We often hear the phrase that we should learn from history or we shall repeat it. There is much in this. Since the 1960s our society has been overtaken by liberalism and socialism, both ultimately destructive forces. The first a form of anarchy, an anything goes philosophy, the second grounded in the French Revolution and ultimately Marx, the dual objectives being the abolition of the historical established society and all the institutions which form part of it.
When we are being denied the celebration of our own culture, it is heartening to see a successful example of reviving our culture in the face of Establishment hostility. The English Classical Music Festival founded by Em Marshall has done that.
The collective hatred of our nation’s past by the ruling elite takes practical form in their drive to erase many aspects of our culture, traditions and physical history – and is best illustrated by their physical erasure of our traditional architectural forms and its replacement with drab, soviet-style ‘accommodation’.
The Establishment presents itself as moral and opposed to low things like prejudice, narrow-mindedness and bigotry. This arrogance prevents them questioning whether they have indeed created a multi-racial utopia.
Theodore Dalrymple's recorded talk - 'Disdain of the Past' - at the 'Another Country - is there a future for Tradition?' Conference - organised by the Traditional Britain Group and the Quarterly Review.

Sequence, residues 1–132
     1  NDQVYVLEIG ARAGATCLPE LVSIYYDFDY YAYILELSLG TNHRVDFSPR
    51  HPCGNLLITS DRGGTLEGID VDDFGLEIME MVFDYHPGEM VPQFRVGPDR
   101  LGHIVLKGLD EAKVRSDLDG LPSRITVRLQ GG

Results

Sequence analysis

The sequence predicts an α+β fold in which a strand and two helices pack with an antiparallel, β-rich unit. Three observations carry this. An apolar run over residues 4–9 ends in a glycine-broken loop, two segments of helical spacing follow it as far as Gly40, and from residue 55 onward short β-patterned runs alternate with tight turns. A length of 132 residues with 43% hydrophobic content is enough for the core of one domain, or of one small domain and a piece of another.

By David Hamilton. High Culture is attacked as upper-class entertainment or a way the ruling elites achieve hegemony over the masses. The elitist argument is ideological rather than factual because working-class people are not barred from attending concerts. Politeness and good manners are essential but if they pay the fee they are entitled to watch a concert.
By David Hamilton. There is confusion about what art is. The qualities that make something art are intrinsic, not external. It is the artifice, the organising of elements, perspective, choice of colour etc, that make it art. The result is obtained by transforming reality and thus nature through human imagination and emotion and is realised by skill and technique.
The word Beauty (or beautiful) is descriptive if used as an adjective to express the response of the beholder to an object, or if used within a clear context; if used as an abstract noun it is universal, and therefore meaningless.